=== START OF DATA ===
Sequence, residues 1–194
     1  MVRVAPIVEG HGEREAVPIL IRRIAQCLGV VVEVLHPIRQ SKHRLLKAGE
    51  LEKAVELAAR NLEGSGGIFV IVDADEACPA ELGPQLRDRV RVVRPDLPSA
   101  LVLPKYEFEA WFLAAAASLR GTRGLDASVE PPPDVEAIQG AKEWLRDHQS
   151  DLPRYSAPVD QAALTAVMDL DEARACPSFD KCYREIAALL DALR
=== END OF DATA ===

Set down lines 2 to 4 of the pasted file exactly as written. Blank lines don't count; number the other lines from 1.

     1  MVRVAPIVEG HGEREAVPIL IRRIAQCLGV VVEVLHPIRQ SKHRLLKAGE
    51  LEKAVELAAR NLEGSGGIFV IVDADEACPA ELGPQLRDRV RVVRPDLPSA
   101  LVLPKYEFEA WFLAAAASLR GTRGLDASVE PPPDVEAIQG AKEWLRDHQS